Project Seven - First Person Precision Shooter
Waking in a elevator heading down into the unknown with someone urging you to escape. Slowly it dawns upon you that you're the unwilling participant in a weird experiment. Armed only with a pin-point accurate railgun you need to survive the deadly experiment long enough to escape.
- Level design in Unity of 4 out of 7 chambers
- Game design and tweaking
- LUA Scripting
- Single player game
- Created in 10 weeks - 4 hours/day
- 15 min gameplay
In this project the team wanted to create a game using a more realistic feel than the previous Quantum Games. Knowing this would require a lot out of the various disciplines set up a gameplay concept that would work with this vision. As a level designer I was excited to design levels trying to active a degree of realism. Since 10 weeks is a too short time to create a realistic FPS game we decided to set the gameplay in a testing facility that could place the non-realistic parts in a context.
I once again turned to pictures for inspiration. I wanted to create one open, spacious level and one with a more cramped feeling.
For my open level I went for a mall. The open layout and scarcely propped floors would work well with our limits of available props and at the same time offer interesting gameplay in the form of a multi-floored environment. I wanted to create a feeling of vertigo and looked at pictures with elevators descending trough malls. A mall from Indonesia in particular caught my eye due to it's layout and clean shapes.
For my other level I focused on Asian capsule hotels. I liked how I with few assets could create a believable level. The setting of a cramped sleeping environment worked with the general story and lastly I could see how the gameplay with a rows of traversable pods could fun for a player. I pitch a idea to the team about the a smoke filled floor obscuring vision if the player did not stand on the row of pods.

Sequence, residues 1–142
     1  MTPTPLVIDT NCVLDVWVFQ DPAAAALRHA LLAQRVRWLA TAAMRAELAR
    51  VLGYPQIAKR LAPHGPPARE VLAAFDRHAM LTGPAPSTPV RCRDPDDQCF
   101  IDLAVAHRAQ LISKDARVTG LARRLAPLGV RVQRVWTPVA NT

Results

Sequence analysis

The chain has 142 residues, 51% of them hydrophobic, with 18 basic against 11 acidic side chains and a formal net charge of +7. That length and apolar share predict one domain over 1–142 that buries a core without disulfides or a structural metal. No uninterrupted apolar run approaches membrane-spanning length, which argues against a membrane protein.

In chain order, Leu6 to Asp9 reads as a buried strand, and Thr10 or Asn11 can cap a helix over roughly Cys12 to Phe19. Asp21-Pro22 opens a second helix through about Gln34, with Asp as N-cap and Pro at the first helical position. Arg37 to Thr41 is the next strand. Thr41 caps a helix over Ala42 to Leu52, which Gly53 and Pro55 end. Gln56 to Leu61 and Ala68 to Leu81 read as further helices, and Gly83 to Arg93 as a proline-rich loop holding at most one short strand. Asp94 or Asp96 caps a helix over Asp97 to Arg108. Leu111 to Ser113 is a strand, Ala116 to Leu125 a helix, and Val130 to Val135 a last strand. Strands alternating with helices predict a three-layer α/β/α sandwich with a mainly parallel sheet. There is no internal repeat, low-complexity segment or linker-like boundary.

We changed the pipeline for this game. With the artist having a limited time to polish assets we decided to try out a blockout in Probuilder first and then set the modular pieces from what we decided was needed from the blockout. In this state we could already try the general feel of the level with a scripted unity FPS. This was helpful to get my proportions and distances more accurate. From the blockout the team built modular pieces and props that would be suitable for our levels.
Once we had received the modular pieces I started to build towards the whitebox. I had to make some changes in the Levels. The major change was a divide in the levels into smaller parts to facilitate higher FPS the other was cutting the first part of the mall since the team felt it was not possible to complete all we had planned.
Combining the Levels
In order to increase the production speed we had spitted the dressing, light, decals and particles from the basic layouts. This way the artist responsible could work simultaneously as the designers on the levels without conflicts occurring. Once the pieces was they were combined the team could enter the gold phase and polish the game.
Level Scripting in LUA
I scripted the levels in the same fashion as when I scripted for the RoboReboot game. I used functions provided by the programmers to create level essential scripts such as elevators, doors and triggers. The collision management needed attention and forced me to put less time in environment scripts that I might have liked but since the rest of the game used a harsh style it worked anyway.